I would like to attend the Ditch Slap this year if it is all possible and represent the strength of kebbek there!
The King of Kona took place this past weekend. We actually covered the contest back in 1999 when I co-published International Longboarder. In fact, it was billed as the first ever longboard contest held at a skatepark. It took place in January of 1999.
Despite the fact Kona has been on my radar for decades, it’s taken quite a while for me to actually to the park.
I first became aware of the Kona Skatepark back when it was featured in SkateBoarder Magazine in 1977. That’s almost four decades ago. Thanks to the incredible efforts of the Ramos family, the park is thriving into its fifth decade.
Owner Marty Ramos (the business now spans two generations) asked me to attend this year and I am so glad I went down. I spent time at Surf Expo the day before and it was truly magical to experience both a skate show and contest in the same weekend. Kona is about three hours from Orlando (where Surf Expo takes place).
We’ll be featuring a look back on the four decades of Kona in an upcoming print issue. But I wanted to give you a sense of what I experienced. In a word, Kona just oozes soul. It’s like Back to the Future…only it’s not a film…it’s real.
When you first pull up to the area, you’ll spot the Kona sign. Then you walk into the actually building and you’re gently guided back in time.
The concession stand hit me like a ton of bricks. For someone who grew up going to skateparks in the 70’s, Kona is like a marching back in time. Retro has never been more authentic. Kona is the real deal. If Hollywood wants to do a remake of the film Skateboard, they don’t have to look any further than Jacksonville!
But nothing can quite prepare you for opening up the door to the actual park. In a word, you are dazzled by what is truly a geography filled with concrete waves. The snake run is massive and fast. In fact, the overall park is massive.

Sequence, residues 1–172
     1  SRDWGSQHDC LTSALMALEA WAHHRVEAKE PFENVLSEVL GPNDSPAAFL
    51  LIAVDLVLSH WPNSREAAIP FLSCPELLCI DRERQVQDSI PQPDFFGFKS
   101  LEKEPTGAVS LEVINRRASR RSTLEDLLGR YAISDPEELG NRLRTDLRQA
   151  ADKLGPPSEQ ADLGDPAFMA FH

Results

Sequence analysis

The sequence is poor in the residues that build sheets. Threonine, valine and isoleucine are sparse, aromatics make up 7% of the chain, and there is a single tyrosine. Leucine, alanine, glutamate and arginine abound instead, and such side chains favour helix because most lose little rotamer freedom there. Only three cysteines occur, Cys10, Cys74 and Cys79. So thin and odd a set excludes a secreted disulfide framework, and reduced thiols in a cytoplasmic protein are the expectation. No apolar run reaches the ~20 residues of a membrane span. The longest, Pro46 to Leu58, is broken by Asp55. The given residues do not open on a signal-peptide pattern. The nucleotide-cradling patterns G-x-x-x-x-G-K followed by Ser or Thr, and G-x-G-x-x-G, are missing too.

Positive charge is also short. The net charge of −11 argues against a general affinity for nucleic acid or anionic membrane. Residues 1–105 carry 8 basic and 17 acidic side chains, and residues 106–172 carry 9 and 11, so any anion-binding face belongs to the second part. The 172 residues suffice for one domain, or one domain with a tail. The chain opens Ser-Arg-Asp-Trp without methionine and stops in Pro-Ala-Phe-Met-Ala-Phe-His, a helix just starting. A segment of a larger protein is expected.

Adding to the experience is the vintage oldies blasting over the stereo. I grabbed a board from my friend Joseph Friedman and prepared to step into history. Ironically enough, the board Joseph lent me was a Dogtown with Indy’s and Kryptonics – the same brands I rode back in the day. Yogi Berra once said nostalgia ain’t what it used to be. I beg to differ. Come to Kona and you’ll find yourself reeling in the years!
I could go on about how amazing the vibe was at the event. I can rave about how well the Ramos family has managed Kona over the decades. I will save most of my thoughts (and the thoughts of many others) in an upcoming issue. If you haven’t visited Kona, go…but please, don’t follow in my footsteps and take forty years to do it. Make the pilgrimage NOW.
A huge thanks to all sponsors of the event including Omen and Free Wheel company who took the title sponsorship.
Just last week I flew down to the Agenda Trade show. Lots of your favorite companies were down there and we had a great turn out to the annual lunch. A special thanks to Abec 11 and Gorilla Palms for their support.
This week it’s Surf Expo and then onto the King of Kona at Jacksonville. At the end of the month, we’ll be hitting ISPO. ISPO isn’t just big, it’s 14 Agendas! January is one of those month’s where I really wish I had a clone. This year marks my fourth year of attending ISPO. It truly is monumental. Munich is an unreal city with a great vibe.
Besides the amazing number of exhibitors at the Longboard Embassy, it’s the parties and gatherings that are absolutely incredible. Sadly, a publication ban means I can’t really discuss what happens. Actually, that last sentence is not true. But the truth is that it’s the people that make ISPO amazing. We’ll be doing a few features as we lead up to the big event. The fun starts on January 25th. Unfortunately, jet lag is going to be in full effect that day!
We’ll be sending up reports and giving you some unique insights. So keep coming back to the site!
Our January issue is coming off press and ships Friday, January 15th.
The Bayou Battle went down this past weekend, stoking out 17 competing women between the long-distance push race and a full-contact garage race. Kacey Moon impressed the spectators when she swept the podiums with first places in both the LDP and garage race winning $1,000 and an all-expenses-paid trip to the Caribbean!
1. Kacey Moon
2. Amber Burgermeister
1. Kacey Moona
2. Anna O’Neill
3. Candy Dungan
The Bayou Battle female competitors stayed at BOARDLoft, a modern loft sponsored by BOARDLife to help women feel comfortable during the Battle! View 20 second MOV file of the competitors.
The majority of the women racers also competed in Open Qualifiers. Andrea Scheck, Candy Dungan, and Hannah Matetzschk qualified to race open, giving the boys a run for their money. Kacey Moon raced open too, thanks to her qualification from the LDP race.
What about artist collaborations?